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Title: Shape analysis in mammograms
Author: Janan, Faraz
Awarding Body: University of Oxford
Current Institution: University of Oxford
Date of Award: 2013
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The number of women diagnosed with the breast cancer continues to rise year on year. Breast cancer is now the most common type of cancer in the UK, with over 55000 cases reported last year. In most cases, mammography is the first step towards diagnosing breast cancer. However, it continues to have many practical limitations as compared to more sophisticated modalities such as MRI. The relatively low cost of mammography, together with the ever increasing risk of women contracting the disease, has led to many developed countries having a breast screening program. These routine breast screens are taken at different points in time and are called temporal mammograms. Currently, a radiologist tends to qualitatively assess temporal mammograms and look for any abnormalities or suspicious regions that might be of a concern. In this thesis, we develop an automatic shape analysis model that can detect and quantify such changes inside the breast. This will not only help in early diagnosis of the disease, which is key to survival, but will potentially aid prognosis and post treatment care. The core to this thesis is the use of Circular Integral Invariants. We explore its multi-scale properties and use it for image smoothing to reduce image noise and enhance features for segmentation. We implement, modify and enhance a segmentation method which previously has been successfully used to acquire breast regions of interest. We applied such Integral Invariants for shape description, to be used for shape matching as well as for subdividing shapes into sub-regions and quantifying the differences between two such shapes. We combine boundary information with the information from inside a shape, thus eccentrically transforming shapes before describing their structure. We develop a novel false positives reduction method based on Integral Invariants scale space. A second aspect of the thesis is the evaluation of and emphasis on the use of breast density maps against the commonly used intensity maps or x-rays. We find density maps sufficient to use in clinical practice. The methods developed in this thesis aim to help clinicians in making diagnostic decision at the point of case. Our shape analysis model is easy to compute, fast and very general in nature that could be deployed in a wide range of applications, beyond mammography.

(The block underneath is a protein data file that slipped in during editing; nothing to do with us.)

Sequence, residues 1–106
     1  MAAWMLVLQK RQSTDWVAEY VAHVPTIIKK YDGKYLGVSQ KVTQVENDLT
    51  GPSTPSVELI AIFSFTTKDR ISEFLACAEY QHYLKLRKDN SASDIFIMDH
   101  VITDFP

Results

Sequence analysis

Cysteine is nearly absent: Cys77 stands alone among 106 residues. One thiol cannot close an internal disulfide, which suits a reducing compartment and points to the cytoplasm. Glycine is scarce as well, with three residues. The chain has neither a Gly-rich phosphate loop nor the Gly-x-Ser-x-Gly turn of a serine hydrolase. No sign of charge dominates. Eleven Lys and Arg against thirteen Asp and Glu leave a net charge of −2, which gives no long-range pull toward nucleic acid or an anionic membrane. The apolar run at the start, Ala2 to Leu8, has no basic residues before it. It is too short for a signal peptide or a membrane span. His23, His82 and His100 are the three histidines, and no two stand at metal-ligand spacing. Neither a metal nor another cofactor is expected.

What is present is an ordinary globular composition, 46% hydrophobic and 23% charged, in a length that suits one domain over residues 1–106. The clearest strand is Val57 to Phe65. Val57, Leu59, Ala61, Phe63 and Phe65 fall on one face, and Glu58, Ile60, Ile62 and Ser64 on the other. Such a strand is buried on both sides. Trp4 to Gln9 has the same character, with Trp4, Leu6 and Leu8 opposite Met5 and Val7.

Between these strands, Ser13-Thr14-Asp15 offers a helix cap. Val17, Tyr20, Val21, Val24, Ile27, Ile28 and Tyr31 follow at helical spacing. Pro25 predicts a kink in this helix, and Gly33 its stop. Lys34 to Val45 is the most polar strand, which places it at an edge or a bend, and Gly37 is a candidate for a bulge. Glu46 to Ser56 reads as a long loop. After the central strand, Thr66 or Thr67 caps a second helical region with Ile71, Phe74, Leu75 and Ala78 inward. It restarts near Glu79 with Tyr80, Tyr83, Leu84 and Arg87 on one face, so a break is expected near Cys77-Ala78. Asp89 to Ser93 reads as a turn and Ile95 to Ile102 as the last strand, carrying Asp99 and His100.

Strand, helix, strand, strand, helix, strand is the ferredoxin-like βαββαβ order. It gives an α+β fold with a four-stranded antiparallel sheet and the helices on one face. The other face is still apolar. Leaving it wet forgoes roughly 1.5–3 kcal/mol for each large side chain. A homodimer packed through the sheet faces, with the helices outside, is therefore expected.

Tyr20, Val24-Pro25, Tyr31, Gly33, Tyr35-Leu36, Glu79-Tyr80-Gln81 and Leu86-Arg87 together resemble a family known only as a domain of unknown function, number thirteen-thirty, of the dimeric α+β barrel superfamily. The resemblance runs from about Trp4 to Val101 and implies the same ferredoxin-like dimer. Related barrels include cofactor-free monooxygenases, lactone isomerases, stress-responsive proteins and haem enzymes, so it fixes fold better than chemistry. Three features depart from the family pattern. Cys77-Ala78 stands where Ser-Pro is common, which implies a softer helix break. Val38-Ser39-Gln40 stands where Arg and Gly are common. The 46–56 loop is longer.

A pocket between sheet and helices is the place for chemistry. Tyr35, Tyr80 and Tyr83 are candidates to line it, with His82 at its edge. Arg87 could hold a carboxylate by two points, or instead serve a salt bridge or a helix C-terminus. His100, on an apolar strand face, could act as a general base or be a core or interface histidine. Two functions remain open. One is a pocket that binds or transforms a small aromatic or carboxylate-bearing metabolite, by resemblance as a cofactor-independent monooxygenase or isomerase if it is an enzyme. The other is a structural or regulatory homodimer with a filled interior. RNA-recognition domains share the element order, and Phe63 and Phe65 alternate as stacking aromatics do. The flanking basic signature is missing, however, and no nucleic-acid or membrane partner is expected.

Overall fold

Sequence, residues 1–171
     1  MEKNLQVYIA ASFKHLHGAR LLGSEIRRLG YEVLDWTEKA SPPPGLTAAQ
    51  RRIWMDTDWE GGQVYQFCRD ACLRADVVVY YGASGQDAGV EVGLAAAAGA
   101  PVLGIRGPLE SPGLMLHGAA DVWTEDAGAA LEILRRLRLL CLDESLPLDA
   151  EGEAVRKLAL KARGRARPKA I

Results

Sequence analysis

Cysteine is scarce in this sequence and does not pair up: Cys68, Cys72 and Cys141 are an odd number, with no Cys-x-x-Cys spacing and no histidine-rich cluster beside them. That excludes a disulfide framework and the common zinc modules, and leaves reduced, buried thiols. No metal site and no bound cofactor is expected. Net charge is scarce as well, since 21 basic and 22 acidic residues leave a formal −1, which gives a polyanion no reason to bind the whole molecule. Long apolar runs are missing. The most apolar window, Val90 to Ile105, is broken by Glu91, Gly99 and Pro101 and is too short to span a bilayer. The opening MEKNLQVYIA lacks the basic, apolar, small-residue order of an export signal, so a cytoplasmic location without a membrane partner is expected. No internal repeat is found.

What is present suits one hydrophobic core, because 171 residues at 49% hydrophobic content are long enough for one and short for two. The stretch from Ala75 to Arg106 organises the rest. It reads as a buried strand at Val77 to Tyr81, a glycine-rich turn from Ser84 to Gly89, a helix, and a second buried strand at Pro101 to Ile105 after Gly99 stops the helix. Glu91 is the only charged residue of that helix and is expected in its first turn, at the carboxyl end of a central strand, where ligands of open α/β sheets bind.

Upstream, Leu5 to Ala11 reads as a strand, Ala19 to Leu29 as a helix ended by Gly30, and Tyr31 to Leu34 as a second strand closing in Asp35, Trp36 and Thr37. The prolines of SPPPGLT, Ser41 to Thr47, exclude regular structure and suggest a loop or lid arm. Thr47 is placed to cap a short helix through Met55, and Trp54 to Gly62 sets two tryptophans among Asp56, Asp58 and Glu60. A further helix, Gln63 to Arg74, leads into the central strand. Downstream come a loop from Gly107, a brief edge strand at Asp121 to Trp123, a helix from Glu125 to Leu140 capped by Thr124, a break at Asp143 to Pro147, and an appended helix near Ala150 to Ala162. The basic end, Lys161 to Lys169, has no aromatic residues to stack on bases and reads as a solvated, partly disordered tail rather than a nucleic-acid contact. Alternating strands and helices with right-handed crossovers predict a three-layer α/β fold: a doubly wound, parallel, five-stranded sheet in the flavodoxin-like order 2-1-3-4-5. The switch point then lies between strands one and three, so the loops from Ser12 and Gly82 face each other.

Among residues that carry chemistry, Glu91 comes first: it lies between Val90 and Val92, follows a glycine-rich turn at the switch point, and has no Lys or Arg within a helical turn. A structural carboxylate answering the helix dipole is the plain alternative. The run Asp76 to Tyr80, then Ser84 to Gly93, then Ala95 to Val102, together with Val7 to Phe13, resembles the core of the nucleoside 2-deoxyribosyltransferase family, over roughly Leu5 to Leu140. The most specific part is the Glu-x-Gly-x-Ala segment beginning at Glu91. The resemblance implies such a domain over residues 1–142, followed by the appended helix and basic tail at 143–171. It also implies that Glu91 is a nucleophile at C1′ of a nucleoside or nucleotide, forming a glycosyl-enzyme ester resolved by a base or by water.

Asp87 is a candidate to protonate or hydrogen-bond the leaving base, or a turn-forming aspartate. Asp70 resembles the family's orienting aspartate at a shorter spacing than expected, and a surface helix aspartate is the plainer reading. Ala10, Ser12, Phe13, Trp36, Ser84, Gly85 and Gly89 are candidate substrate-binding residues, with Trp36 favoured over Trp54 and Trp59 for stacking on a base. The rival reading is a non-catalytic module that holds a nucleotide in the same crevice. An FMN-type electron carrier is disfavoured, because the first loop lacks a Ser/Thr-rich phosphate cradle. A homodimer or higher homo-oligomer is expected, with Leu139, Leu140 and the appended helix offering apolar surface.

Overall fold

Supervisor: Brady, Michael Sponsor: Islamic Development Bank
Qualification Name: Thesis (Ph.D.) Qualification Level: Doctoral
EThOS ID:  DOI: Not available
Keywords: Biomedical Engineering ; Breast cancer ; shape analysis ; computer aided diagnosis ; breast density